Geography Lesson circa 1868

Mar 4, 2014 | 3 comments

1868 Geography BookGordon left me his ‘history books’ – mainly books about this area and mainly by local authors.  From the copyright dates, it would seem that he acquired most of them when he owned the Bookvendor prior to selling it to us.  There were fewer than a dozen.  (I suspect that when the final sorting was done some found their way to the Friends of the Library and others to the Heritage Museum. Good homes, both, and no complaints from me!)

Among those that I received, though, is one treasure that he must have picked up from a used bookstore.  Either that or the Castle Rock School District was using texts from the Dark Ages when Gordon went to school there in the 1930s.   Battered and tattered, well-used and perhaps well-loved, it once belonged to “J. C. Robin of Castle Rock, Cowlitz County, Washington Territory” – or so says the childish pencil scrawl on the inside front cover.

1868 Map of Asia

1868 Map of Asia

The book is a Manual of Geography combined with History and Astronomy; Designed for Intermediate Classes in Public and Private Schools and is part of the “National Geographical Series, Revised Edition” by James Monteith, Author of School Geographies, Wall Maps, Charts, and a History of the United States.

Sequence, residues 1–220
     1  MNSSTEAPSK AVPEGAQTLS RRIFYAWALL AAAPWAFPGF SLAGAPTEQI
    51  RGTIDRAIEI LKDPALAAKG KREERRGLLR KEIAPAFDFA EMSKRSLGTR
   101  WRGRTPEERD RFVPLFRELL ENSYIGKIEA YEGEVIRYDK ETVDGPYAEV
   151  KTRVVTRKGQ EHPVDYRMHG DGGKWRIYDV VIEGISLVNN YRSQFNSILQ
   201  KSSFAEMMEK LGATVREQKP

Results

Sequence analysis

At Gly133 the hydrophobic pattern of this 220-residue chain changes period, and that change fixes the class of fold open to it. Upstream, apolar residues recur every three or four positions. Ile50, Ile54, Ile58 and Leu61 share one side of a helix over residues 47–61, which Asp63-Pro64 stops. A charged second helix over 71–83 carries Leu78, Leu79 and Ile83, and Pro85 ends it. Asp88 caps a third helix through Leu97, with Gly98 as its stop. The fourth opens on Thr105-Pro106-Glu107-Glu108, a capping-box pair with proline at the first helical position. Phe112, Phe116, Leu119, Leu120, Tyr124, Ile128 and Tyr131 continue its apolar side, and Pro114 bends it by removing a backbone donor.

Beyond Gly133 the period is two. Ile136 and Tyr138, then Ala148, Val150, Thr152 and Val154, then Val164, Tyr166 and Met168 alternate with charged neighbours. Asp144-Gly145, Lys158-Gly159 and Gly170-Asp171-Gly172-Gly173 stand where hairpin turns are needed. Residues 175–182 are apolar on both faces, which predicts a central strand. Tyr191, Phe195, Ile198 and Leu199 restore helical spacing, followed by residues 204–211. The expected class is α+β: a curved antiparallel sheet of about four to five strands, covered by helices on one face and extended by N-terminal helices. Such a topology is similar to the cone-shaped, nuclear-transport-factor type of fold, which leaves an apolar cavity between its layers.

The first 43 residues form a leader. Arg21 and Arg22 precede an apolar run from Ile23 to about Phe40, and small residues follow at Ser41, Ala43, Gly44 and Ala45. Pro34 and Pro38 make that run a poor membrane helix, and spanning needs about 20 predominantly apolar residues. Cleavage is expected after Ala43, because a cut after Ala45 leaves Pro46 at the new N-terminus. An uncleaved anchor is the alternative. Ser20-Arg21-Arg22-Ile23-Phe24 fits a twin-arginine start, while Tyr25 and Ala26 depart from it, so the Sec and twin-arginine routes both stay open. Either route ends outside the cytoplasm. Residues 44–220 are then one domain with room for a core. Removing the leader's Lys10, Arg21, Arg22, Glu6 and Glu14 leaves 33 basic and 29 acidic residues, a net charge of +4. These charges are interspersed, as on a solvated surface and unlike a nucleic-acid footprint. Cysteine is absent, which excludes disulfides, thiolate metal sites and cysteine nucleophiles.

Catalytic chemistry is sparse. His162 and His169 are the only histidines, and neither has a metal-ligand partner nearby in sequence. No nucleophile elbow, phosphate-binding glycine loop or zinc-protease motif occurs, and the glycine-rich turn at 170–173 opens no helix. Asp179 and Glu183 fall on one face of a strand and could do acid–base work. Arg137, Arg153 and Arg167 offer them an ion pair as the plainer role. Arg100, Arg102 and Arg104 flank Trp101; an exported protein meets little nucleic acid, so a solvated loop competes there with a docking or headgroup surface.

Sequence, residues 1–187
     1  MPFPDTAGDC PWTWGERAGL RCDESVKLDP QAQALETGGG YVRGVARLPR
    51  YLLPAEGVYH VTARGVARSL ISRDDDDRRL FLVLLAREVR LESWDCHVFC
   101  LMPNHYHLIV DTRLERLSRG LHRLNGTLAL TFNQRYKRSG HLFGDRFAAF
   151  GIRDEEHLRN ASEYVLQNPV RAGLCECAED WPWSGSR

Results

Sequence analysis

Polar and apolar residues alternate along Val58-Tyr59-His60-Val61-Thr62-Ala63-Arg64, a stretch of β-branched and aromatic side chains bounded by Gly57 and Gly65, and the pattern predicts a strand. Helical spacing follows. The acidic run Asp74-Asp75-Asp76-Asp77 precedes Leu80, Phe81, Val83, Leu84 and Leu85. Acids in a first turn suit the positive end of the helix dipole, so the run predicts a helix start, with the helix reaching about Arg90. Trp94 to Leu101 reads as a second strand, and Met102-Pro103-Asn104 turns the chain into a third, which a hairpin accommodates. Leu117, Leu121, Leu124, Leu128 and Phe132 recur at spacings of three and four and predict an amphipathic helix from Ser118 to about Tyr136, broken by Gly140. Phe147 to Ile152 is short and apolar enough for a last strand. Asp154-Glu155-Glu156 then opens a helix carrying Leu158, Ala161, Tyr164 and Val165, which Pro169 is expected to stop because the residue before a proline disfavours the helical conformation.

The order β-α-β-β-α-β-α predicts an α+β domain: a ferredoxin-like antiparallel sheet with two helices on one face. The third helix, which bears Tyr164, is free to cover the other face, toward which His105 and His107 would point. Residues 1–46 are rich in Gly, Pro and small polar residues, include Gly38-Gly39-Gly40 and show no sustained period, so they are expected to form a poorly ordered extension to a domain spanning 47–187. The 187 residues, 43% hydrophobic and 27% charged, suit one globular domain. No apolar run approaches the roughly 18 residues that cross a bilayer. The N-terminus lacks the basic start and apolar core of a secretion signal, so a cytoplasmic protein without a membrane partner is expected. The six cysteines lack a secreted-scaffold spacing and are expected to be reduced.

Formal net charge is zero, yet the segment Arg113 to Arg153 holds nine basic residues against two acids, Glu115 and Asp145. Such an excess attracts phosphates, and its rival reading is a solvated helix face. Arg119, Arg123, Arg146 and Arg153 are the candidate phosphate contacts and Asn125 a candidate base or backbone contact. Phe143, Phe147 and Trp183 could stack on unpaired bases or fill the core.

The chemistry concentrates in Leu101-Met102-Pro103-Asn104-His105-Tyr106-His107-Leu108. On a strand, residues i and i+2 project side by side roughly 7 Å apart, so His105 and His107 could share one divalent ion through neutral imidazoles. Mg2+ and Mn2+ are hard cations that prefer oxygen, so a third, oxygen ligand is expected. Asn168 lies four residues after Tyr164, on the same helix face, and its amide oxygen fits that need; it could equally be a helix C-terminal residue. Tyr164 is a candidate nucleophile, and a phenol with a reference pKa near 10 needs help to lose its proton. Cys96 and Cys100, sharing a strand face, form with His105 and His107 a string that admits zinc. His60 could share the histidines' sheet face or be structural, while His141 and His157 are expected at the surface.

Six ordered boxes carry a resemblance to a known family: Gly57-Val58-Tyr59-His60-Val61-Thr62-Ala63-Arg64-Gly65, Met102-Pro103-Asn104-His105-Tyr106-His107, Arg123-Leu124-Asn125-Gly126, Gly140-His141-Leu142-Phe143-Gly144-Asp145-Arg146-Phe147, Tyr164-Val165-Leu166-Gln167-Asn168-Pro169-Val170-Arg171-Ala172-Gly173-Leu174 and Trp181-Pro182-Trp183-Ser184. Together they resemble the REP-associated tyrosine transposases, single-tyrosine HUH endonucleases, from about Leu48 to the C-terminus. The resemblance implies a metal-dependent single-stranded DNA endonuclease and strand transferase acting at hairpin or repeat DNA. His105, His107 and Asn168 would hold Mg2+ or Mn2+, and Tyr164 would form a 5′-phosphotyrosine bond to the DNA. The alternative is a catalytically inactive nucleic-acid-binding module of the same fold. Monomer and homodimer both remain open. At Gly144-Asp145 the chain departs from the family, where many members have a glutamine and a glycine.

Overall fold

The Preface page states, “Entered, according to Act of Congress, in the year 1868, by James Monteith, in the clerk’s Office of the District Court of the United States for the Southern District of New York.  Before copyrights, at least as we know them today!  Although the U.S. Constitution gave Congress the power to enact laws establishing a system of copyright, it was not until 1897 that the Copyright Office was formed.

Julia Jefferson Espy on her Wedding Day, August 7, 1870

Julia Jefferson Espy on her Wedding Day, August 7, 1870

My great-grandmother, Julia Jefferson (Espy,) graduated from the Salem Oregon Normal School in 1869, the year after this particular Geography Series was published.  She was recruited by School Board Members  L.A. Loomis and R.H. Espy to teach at the one-room schoolhouse in Oysterville.  It is doubtful that these were the texts that she used with her pupils – no one has ever claimed that Oysterville was on the cutting edge.

But in 1870, Julia accepted R.H.’s offer of marriage and left the public school classroom to raise seven children, all of whom she taught at home for their primary years.  It is said that R.H. had only a year or two of formal education himself, and that he married a schoolteacher to ensure that his children would be afforded a better opportunity.  (For the record, all of their children except Aunt Verona, who had a debilitating disease, – perhaps multiple sclerosis – went to college.  Quite a feat in those years!)  Julia may well have used the Monteith series in her parlor ‘classroom.’

As for the information contained in this treasure – endlessly fascinating!  And not nearly as outdated as you might think…


  1. sandra stonebreaker

    As yet, The Friends of The Libraries have received none of Gordon’s books. Mike Robinson has been in contact with me about the possibilities. Sandy

    • sydney

      They must be on their way, then. Both Karen and Betsy told me that they were boxed and out the door…

  2. Stephanie Frieze

    Thanks for sharing the picture of Julia and of the book. I love old books and hearing about Julia home schooling her seven children is wonderful.


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